• Make sure the user macports has sufficient privileges to read the repository (I usually give him ownership of the port directory).
  • Update the port repository indexes running portindex from the repository root.

If you have not done it yet, you have to configure MacPorts to use your local repository, adding a line in $MACPORTS_HOME/etc/macports/sources.conf:

file:///ports

right above any other repository so that ports in the local one take precedence over ports in the public repository.

If everything is setup correctly, you will be able to query and install ports from your local repository.

Further Readings

A basic Portfile such as what I described in this blog post is just the beginning: we only scratched the surface of what MacPorts can offer you. If you want to get further information about MacPorts and the facilities it provides (either from an user or a developer standpoint), start from the MacPorts Guide.

Public Domain Flags Archive (in Vector Image Format)

Some time ago, when I was implementing the EMCCountryPickerController component I described in some earlier posts (such as this one), I soon realised I needed high quality images of the flags of all the countries listed in the ISO 3166-1 standard. And since the EMCCountryPickerController library is GPL-licensed, I needed images whose license was compatible with it in order to distribute them together with the component.

I found decent collections of flags in the internet but at the end I decided to build my own, especially in order to overcome problems that arose from the limited resolution of many image collections.

I picked the flags from Wikimedia Commons since they're available in SVG format (a widely used vector image format). This way, if I need to, I can render a flag at any resolution.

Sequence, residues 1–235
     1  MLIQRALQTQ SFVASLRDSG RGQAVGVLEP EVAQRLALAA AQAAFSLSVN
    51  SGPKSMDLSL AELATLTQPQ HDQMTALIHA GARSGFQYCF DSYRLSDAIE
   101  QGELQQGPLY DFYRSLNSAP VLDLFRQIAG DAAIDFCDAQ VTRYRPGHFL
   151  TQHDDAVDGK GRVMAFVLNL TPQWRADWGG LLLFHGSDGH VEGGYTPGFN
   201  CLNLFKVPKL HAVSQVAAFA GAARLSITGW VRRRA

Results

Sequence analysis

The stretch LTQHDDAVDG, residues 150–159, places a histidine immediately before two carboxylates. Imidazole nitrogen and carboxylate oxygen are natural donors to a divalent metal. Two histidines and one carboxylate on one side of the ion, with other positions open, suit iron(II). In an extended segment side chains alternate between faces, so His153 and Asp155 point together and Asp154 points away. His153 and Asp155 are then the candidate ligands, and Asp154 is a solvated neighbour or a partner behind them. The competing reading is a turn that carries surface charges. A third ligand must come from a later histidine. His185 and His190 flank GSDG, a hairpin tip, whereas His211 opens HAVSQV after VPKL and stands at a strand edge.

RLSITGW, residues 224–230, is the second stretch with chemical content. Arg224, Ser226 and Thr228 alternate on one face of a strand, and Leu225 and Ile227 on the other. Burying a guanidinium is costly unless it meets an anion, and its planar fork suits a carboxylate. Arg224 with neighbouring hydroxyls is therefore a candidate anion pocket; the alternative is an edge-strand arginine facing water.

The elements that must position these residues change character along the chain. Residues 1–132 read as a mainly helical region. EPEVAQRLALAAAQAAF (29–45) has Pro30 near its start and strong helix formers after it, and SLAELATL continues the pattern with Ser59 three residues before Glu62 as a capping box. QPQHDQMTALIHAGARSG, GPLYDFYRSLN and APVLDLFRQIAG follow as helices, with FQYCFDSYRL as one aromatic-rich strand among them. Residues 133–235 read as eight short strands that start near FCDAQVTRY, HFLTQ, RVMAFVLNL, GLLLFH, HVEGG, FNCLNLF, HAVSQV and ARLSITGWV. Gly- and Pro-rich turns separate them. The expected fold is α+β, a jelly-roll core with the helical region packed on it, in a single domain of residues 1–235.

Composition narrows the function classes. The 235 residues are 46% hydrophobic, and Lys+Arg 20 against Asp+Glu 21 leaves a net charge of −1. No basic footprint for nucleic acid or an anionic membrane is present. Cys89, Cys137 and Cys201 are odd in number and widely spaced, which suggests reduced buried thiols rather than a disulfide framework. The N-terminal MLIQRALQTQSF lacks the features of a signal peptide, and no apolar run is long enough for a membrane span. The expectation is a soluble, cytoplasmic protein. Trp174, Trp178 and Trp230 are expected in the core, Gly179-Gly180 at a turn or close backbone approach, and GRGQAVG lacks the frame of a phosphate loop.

I then assembled a GitHub repository where you can find:
  • All the flags in SVG format.
  • All the flags in PNG format scaled to a width of 256 pixels.
  • All the flags in PNG format, scaled to a width of 512 pixels.

The following is a shell script that can be used to render the flags archive at the desired widths.

The script requires librsvg to be installed.

Friday, June 20, 2014

Installing Logstash v 1.4 (and Greater) on FreeBSD

In a previous post I described how to install Logstash (v. 1.3 and previous) on FreeBSD and in this post I will describe how to install Logstash v. 1.4 and greater.

Until version 1.3 included, Logstash was distributed as a single JAR file, and when version 1.4 was released a new packaging style was introduced. As a consequence, new instructions are required to properly setup Logstash in FreeBSD and registering it as a service. Further information about the new    distribution layout can be found in the Logstash release notes.

As seen in the previous post, a Logstash FreeBSD port exists, but it is currently outdated since it bundles Logstash v. 1.2. But while this could be used as a starting point for JAR-based Logstash installations (as we have seen, the update process only required updating the Logstash JAR), this is not possible with the new Logstash distribution because the included rc script will fail to work.

Skimming through the original post is recommended because it provides general information about Logstash and FreeBSD which is required to properly plan and execute a Logstash setup.

Prerequisites